7. Because we know this to be true, we have cherry-picked research that confirms our belief that large class sizes are unremarkable. We call this type of research ‘robust’. Research that disagrees with our beliefs is called ‘unsubstantiated’. Then it is deleted from the records. What research? Do you LIKE living with your family, citizen? One thing we did agree was that making teachers work harder was cheaper than maintaining smaller classes. Isn’t that nice?
8. We looked at some other countries that have completely different education systems and found that we couldn’t draw any conclusions from them either.
9. Therefore, there is nothing to worry about. And there never was.
10. England prevails, citizens. Tomorrow the weather will be fine, with a mild Easterly breeze at 10:14pm, which will last for approximately fifteen minutes.
The main thrust of the argument is that- and I am NOT MAKING THIS UP- is that the research is generaly inconclusive about whether larger class sizes have a negative impact on attainment levels and progression beyond school. That’s it: ‘we don’t know’. Which is a rather fabulous way of saying, ‘So let’s just crank up the heat on the teachers, because large classes are jess’ fine.’
Seriously, that’s what this document says, only it uses style and diction purdier than a five-dollar cabaret gal. Notice the appalling way that it drop kicks a steel-toed tap shoe right into the collective charlies of teachers in not one, but two ways:
|Your class, soon.|
1. Everything you lot say about class sizes can safely be ignored. Why? Because the evidence shows it. Our research is more valid than your professional judgement. It trumps the collective wisdom of your entire profession. You see, we have data, and the data cannot lie. It is sacred. The bones have spoken. Unfortunately, only we, the chosen, can hear what they say. It is no surprise that among the tumultuous cry for student voice, parent power, and anonymously triggered Ofsteds, the only group that is no longer represented by a significant collective mouthpiece, are teachers. The last time I was asked my opinion as a teacher was….ah, never. I had more say at the General Election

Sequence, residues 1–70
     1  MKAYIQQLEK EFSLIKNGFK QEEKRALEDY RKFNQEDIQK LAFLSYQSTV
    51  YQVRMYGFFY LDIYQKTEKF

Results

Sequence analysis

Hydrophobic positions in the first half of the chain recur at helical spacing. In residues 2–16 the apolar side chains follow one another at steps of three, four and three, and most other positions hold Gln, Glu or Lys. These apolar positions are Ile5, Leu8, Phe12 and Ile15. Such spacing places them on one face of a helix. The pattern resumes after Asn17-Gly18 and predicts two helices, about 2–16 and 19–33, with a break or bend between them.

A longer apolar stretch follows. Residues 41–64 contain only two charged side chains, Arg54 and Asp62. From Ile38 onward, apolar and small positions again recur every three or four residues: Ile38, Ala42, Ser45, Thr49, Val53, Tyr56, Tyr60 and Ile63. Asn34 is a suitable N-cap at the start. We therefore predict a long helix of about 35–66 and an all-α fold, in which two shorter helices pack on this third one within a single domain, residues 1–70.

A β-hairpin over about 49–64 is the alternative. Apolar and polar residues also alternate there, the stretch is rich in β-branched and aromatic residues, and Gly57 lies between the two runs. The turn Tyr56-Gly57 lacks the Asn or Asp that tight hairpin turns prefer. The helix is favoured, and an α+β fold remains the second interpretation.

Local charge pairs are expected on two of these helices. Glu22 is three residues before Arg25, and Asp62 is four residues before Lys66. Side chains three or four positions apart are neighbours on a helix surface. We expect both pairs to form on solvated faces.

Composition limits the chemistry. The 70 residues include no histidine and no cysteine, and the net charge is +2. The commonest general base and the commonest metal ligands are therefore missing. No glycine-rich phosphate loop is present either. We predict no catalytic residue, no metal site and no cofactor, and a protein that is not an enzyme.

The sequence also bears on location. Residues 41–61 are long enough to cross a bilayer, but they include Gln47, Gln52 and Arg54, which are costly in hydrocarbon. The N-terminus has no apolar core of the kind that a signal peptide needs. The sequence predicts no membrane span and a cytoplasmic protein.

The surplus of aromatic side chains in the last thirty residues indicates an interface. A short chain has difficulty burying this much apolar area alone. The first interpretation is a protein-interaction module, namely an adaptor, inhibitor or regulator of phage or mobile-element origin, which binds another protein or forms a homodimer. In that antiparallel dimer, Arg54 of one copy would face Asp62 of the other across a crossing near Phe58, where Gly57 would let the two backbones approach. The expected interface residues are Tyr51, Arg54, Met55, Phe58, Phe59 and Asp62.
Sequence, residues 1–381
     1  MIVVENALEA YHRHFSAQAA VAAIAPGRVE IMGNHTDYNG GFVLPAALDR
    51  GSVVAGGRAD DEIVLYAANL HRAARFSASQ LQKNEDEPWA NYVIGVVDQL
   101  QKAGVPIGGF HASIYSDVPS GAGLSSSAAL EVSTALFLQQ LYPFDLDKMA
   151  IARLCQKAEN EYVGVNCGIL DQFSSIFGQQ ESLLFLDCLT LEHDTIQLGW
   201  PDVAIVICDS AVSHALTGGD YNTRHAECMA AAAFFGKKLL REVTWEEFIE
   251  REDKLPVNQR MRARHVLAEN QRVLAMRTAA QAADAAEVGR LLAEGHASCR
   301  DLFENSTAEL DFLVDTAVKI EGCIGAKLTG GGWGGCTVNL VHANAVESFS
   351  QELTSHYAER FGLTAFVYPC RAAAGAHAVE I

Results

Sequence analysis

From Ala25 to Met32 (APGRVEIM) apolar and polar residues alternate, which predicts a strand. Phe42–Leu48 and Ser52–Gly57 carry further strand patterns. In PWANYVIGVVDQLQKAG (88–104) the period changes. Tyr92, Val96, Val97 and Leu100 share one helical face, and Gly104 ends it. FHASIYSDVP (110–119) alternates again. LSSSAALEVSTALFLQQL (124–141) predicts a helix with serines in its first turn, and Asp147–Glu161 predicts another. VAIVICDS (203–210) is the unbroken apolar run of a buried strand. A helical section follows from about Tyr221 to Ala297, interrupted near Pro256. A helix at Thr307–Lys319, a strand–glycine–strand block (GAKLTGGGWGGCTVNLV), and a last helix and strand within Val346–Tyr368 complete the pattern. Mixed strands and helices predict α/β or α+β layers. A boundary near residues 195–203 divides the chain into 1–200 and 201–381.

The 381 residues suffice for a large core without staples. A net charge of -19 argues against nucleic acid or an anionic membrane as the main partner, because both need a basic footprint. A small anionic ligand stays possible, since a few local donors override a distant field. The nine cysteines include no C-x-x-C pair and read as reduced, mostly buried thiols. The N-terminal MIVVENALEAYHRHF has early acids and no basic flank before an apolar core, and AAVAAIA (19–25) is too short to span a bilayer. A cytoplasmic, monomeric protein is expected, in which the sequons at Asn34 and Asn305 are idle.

2. The kids are at the gates, and they all need taught. So, you’ll just have to work jolly well harder, rather than get any more funding for more teachers. Gee, thanks, Ministry of Funny Teaching. You are all heart. Is is Christmas?
I’m not Moses, but I have been to the mountain top, in this case, a classroom. My experience, and the experience of every teacher I know trumps your research every damned time. EVERY time. Once again, educational research wears a mask of propriety and causal certainty, while in reality it is little more than values dressed as facts. So, one more Christmas wish for Santa Gove:
Please can education climb out of the enormous intellectual abyss into which it has fallen, and stop making me think that the enlightenment is potentially a two way process? That would be DANDY.
I’m off now to prepare my megaphone and cinema sized lecture screen so that I can teach a stadium full of children about Socratic dialogues. When my classroom resembles the crowd scene from The Life of Brian (‘Yes, we’re all individuals!’) then I will reflect on this document and remember that really, size doesn’t matter. Excuse me, I have to go forget who your child is.